"At a time when many retailers are complaining about the negative impacts of the high Australian dollar, the internet, rising costs and consumer reluctance to spend, Kmart is showing how to succeed. In the year to June, it lifted its earnings before interest and tax by 32 per cent to $266 million on flat sales of $4 billion. Its return on capital rose from 15.7 per cent to 18.7 per cent. Its EBIT margin rose from 5 to 6.6 per cent. Kmart has now recorded 10 consecutive quarters of growth in customer transactions and units sold. The question that will be asked by other retailers is whether the changes to Kmart’s operating model can be replicated elsewhere.”

Similarly, Business Spectator’s Stephen Bartholomeusz says Kmart’s turnaround has been something to behold and even Target is showing signs of life.

"Both Kmart and Target are at the end of the market where competition has been most torrid and where their rivals have been ravaged by deep discounting, anxious consumers and the emergence of online retailers. Against that backdrop, Kmart, pursuing its distinctive and disruptive strategy of a radically reduced range and very deeply discounted pricing, is performing brilliantly and Target has done well to stabilise its earnings. It is apparent, and has been for some time, that the management teams Wesfarmers appointed are talented and creative and have been quicker on their feet than their peers. Their performance post-acquisition would also suggest that the former managements of those businesses don’t fare well by comparison. It would also appear safe to conclude, five years after the brands became part of the Wesfarmers conglomerate structure, that the Wesfarmers’ model – which gives its businesses considerable operational independence but strict financial accountability – has demonstrated its effectiveness and value.”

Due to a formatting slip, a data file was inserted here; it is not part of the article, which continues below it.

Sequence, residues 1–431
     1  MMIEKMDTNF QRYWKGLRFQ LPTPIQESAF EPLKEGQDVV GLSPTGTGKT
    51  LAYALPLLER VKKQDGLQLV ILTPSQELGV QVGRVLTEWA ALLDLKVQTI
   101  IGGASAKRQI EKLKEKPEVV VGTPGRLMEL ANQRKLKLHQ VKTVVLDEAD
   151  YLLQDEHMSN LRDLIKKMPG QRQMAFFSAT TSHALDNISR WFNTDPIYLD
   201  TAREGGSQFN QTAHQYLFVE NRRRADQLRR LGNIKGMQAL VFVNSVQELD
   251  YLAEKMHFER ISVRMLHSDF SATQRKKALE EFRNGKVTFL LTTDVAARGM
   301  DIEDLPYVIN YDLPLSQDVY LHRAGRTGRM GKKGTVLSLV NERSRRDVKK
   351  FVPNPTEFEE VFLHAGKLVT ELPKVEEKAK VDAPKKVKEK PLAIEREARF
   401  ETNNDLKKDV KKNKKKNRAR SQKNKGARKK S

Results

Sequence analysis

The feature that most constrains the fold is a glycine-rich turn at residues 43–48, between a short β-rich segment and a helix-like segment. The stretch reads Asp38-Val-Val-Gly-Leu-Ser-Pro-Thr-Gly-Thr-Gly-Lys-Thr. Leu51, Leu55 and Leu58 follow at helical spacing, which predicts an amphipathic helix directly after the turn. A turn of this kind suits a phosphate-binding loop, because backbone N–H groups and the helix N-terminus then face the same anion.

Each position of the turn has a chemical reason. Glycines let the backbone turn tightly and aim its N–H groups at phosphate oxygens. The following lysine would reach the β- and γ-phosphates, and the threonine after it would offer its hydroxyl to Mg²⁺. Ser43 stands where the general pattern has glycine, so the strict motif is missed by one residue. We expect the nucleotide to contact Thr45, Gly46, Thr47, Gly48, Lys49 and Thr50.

Still on Wesfarmers, Fairfax’s financials writer Eric Johnston says the company’s general insurance arm lost almost all its profits from the New Zealand earthquake, but are expected to rebound as sales through Coles increase. Knight is right about Coles being the sole focus because Johnston was the only one to meaningfully run with this angle.

In other company news, The Australian’s Bryan Frith explains how there appear to be contradictions between Singapore’s Wilmar International and Goodman Fielder about whether a "proposal” has been put but by the former to the latter.

Fairfax’s Insider columnist Ian McIlwraith brings us the story of Lion Advantage chief executive David Hickie, who’s seeking to overturn a two-year ban from the Australian Securities and Investments Commission.

Writing in The Australian, Giles Parkinson says wind power is rapidly changing the energy profile of Germany’s second largest energy utility, RWE.

Elsewhere, Fairfax’s Michael West calls for an inquiry into energy prices, but concedes that there are a few too many inquiries going on right now. Over at The Australian Financial Review, Jennifer Hewett urges her readers to prepare for a whole truckload of fluff from the federal government after the delivery of the report on the Australian manufacturing industry.

And finally, The Australian’s economics correspondent Adam Creighton reveals his envy at the turn political debate might take in the US towards something substantial with presumptive Republican nominee Mitt Romney’s selection of fiscal conservative Paul Ryan as his running mate.

An argument to be jealous of the state of US politics... thank the heavens it's Friday.